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The Vanguard

The Student News Site of Buckingham Browne & Nichols School

The Vanguard

The Student News Site of Buckingham Browne & Nichols School

The Vanguard

Kluzak and Khoury named Keegan fellows

Keegan fellows: Emilia Khoury ’25 (left) and Alexandra Kluzak ’24 (right).
Krishna Patel
Keegan fellows: Emilia Khoury ’25 (left) and Alexandra Kluzak ’24 (right).

Fifteen years since Marina Keegan’s class of 2008 graduated, and 10 years since the Marina Keegan ’08 Summer Fellowship’s creation in 2013, students continue to take advantage of the opportunity to make a difference in their communities. The Marina Keegan Summer Fellowship Committee—comprised of five faculty members, Marina’s parents, and Marina’s classmate and friend Luke Vargas ‘08—received applications from 21 students with 20 proposals. Out of the record-high number of proposals, two applicants, Emilia Khoury ’25 and Alexandra Kluzak ’24 were selected to receive the fellowship.

Emilia will create a series of painted panels based on Florida Governor Ron DeSantis’ recent act to move about 50 immigrants from Texas to Martha’s Vineyard. Alexandra plans to help launch a printed newspaper with the students at the Alexander Twilight Academy (ATA), an after-school program for over 100 middle school students in the Boston area who come from under-resourced backgrounds.

The Keegan Summer Fellowship, created in honor of Marina Keegan who died in a car accident, is awarded annually to support activist and artistic projects of students. Each project aims to honor Marina’s legacy by reflecting her values.

Emilia initially had the idea for her project after discussing the plight of Venezuelan immigrants with her family, she said. Emilia is halfVenezuelan and was curious to learn more about her Hispanic heritage. She hopes to bring their stories to light and incorporate her love of drawing. Her project was inspired by American painter Jacob Lawrence’s Migration Series, and she plans to create a similar set of paintings, she said.

“I hope that my art will inspire others to learn more about migrants sent to Martha’s Vineyard by Ron DeSantis,” she said. “These paintings are not meant to be endpoints nor to provide answers but to make the viewer question themselves and our society to further stimulate serious conversations—provoking thought about a distinctive migration experience.”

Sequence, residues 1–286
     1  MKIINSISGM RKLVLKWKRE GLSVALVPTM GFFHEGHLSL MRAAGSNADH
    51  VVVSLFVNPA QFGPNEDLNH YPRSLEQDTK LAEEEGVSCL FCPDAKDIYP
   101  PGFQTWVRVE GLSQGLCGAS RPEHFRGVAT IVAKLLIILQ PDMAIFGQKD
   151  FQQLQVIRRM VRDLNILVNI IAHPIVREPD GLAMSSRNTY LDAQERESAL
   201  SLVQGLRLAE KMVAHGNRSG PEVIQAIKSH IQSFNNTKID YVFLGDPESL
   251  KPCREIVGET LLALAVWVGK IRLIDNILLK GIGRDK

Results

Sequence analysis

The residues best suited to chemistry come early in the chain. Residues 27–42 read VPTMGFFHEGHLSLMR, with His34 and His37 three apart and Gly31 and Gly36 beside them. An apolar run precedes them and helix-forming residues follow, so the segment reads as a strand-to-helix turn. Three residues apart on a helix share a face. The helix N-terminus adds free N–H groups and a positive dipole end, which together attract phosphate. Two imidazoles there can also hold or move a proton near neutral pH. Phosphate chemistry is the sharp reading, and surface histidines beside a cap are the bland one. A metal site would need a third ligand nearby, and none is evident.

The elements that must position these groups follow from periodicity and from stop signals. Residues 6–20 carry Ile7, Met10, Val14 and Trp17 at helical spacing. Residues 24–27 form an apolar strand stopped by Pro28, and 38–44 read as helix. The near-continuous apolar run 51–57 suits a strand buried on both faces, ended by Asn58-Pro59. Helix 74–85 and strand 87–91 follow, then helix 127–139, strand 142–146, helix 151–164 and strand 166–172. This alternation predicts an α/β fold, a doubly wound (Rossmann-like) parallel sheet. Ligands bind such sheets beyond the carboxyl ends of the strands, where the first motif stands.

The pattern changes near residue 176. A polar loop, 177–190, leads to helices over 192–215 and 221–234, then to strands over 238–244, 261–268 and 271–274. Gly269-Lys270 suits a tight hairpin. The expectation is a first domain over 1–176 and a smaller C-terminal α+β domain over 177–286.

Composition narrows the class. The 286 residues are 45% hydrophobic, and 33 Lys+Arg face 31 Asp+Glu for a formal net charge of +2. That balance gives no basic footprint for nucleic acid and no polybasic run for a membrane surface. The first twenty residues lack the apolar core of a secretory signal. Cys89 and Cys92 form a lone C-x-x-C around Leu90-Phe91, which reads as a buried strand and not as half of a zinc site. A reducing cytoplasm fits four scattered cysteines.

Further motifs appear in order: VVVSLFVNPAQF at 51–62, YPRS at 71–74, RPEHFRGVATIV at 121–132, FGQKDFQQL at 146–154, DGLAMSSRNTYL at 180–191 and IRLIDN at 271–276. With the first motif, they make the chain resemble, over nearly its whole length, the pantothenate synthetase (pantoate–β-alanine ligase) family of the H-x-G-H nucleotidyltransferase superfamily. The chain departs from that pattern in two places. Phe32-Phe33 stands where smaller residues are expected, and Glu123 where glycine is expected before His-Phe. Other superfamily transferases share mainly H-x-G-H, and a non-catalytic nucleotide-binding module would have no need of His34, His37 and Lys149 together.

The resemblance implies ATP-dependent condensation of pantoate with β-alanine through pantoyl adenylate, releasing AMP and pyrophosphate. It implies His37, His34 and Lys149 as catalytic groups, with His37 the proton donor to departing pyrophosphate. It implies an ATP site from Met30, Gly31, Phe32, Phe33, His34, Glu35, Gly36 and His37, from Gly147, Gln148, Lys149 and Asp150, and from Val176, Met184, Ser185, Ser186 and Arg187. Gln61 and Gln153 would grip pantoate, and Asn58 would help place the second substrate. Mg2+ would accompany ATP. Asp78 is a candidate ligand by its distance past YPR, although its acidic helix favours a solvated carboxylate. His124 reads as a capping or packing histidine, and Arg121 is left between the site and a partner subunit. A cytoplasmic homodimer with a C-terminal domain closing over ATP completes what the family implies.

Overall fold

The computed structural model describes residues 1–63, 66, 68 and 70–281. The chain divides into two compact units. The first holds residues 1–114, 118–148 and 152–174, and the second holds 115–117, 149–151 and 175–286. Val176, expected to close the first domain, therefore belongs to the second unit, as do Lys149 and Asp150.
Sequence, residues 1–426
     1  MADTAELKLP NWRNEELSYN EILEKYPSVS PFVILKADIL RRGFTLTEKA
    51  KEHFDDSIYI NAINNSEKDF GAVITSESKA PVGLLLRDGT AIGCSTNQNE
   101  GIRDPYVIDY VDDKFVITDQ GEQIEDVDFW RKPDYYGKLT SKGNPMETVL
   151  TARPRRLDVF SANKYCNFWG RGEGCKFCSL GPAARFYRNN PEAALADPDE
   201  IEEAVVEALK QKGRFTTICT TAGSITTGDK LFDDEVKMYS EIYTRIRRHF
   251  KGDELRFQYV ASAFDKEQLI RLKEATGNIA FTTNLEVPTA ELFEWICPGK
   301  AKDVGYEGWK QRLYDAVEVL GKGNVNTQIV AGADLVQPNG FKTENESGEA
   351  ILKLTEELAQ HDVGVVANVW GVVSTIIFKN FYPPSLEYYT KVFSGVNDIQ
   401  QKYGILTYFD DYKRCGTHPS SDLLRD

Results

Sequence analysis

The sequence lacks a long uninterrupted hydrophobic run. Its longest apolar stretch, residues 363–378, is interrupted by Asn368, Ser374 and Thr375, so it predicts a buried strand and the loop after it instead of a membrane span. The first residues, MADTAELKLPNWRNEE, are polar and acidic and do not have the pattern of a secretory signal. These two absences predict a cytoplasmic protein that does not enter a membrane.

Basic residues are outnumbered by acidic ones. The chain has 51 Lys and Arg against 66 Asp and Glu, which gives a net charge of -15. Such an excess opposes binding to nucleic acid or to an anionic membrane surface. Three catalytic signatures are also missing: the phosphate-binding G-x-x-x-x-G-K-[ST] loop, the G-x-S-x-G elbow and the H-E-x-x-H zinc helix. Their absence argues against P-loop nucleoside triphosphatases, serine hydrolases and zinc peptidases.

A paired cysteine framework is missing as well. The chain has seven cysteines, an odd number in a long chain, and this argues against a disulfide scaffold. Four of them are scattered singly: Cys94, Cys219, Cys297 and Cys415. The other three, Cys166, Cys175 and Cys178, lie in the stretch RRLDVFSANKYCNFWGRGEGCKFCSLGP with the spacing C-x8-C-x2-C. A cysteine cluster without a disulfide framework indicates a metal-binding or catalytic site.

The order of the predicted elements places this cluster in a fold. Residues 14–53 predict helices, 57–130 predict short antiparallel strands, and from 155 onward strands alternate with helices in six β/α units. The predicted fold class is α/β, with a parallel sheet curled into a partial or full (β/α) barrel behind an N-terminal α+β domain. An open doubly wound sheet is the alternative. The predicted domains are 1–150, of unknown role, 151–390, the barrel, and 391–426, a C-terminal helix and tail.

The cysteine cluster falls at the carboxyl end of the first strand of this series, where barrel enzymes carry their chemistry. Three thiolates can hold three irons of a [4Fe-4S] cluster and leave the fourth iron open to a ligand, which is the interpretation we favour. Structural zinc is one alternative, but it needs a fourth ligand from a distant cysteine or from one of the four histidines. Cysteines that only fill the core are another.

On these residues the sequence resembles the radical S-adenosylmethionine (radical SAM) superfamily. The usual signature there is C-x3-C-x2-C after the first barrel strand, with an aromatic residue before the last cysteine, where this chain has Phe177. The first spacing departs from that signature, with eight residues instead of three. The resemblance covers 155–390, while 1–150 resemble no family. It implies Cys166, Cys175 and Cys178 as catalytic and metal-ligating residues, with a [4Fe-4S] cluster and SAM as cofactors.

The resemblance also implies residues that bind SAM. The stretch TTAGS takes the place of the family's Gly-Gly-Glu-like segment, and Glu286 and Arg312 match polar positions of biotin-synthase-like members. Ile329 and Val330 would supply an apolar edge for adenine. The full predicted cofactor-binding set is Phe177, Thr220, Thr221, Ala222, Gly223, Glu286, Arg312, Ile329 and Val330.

In addition to informing the community of the immigration of Venezuelan immigrants, Emilia wants to inspire others to create work relating to their own cultural identities.

“I hope this project will enrich the BB&N community by inspiring more students and faculty to cultivate work related to their cultural identity and advocate for communities in need,” she said.

Emilia plans to share her work with the school community through a printed catalog. Her paintings will also be on display in the Almy Library, although the pieces may be temporarily relocated to city halls, senior centers, community centers, and other public areas.

Alexandra will partner with ATA to lead an elective in their virtual summer program. The elective will meet for 45 minutes twice a week, culminating in a printed eight-page newspaper showcasing the students’ writing, photos, and artwork. She will provide journalistic instruction in the process and production of the paper, and the students will hold leadership positions in the paper as well.

She said her role as Editor-inChief of The Vanguard has shown her the importance of journalism, an opportunity that should be available to all students.

“I understand the extraordinary power of journalism in amplifying views, perspectives, and experiences,” Alexandra said. “That power is something in which all students should share.”

She wants to give students coming from under-resourced communities opportunities to explore journalism and develop their interest in writing, she said.

She expects the content of the paper to be closely related to social justice issues, aligning with both the activist roots of the fellowship and a central aspect of the ATA curriculum.

Fellowship Committee Member Beth McNamara said Emilia and Alexandra’s proposals were thorough.

“Both students distinguished themselves for the passion behind their proposals and the degree of initial planning they had already done,” she said.

Ms. McNamara stated that both proposals emulated Marina’s ideals and values. “

Marina’s graduation speech ends: ‘Let’s make something happen to this world,’” she said. “While all the proposals had a version of that, I think these two were particularly strong in that effect.”

The Fellowship Committee is planning to host a reunion of all the past recipients of the fellowship that would coincide with Marina’s class of 2008 reunion.

“Kids, now grown adults who knew Marina, will get to meet some of the kids who have benefited from her legacy,” she said. “Some of those alums contributed to the funds that created this fellowship. And we’re hoping it all keeps connecting and growing forward.”

Editor’s Note: Although Alexandra and Emilia are editors for The Vanguard, neither saw the article prior to the issue being printed to preserve the article’s integrity.

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About the Contributors
Kate Rice
Kate Rice, Editorials Editor
I’m Kate, the Editorials Editor. When I’m not writing editorials, you can usually find me hanging out with friends, rowing, playing with my dog, or baking.
Krishna Patel
Krishna Patel, Photo Editor
Hi! I’m Krishna, the Head Photo Editor of the Vanguard. Besides taking pictures, I enjoy traveling, going to the beach, and spending time with my friends

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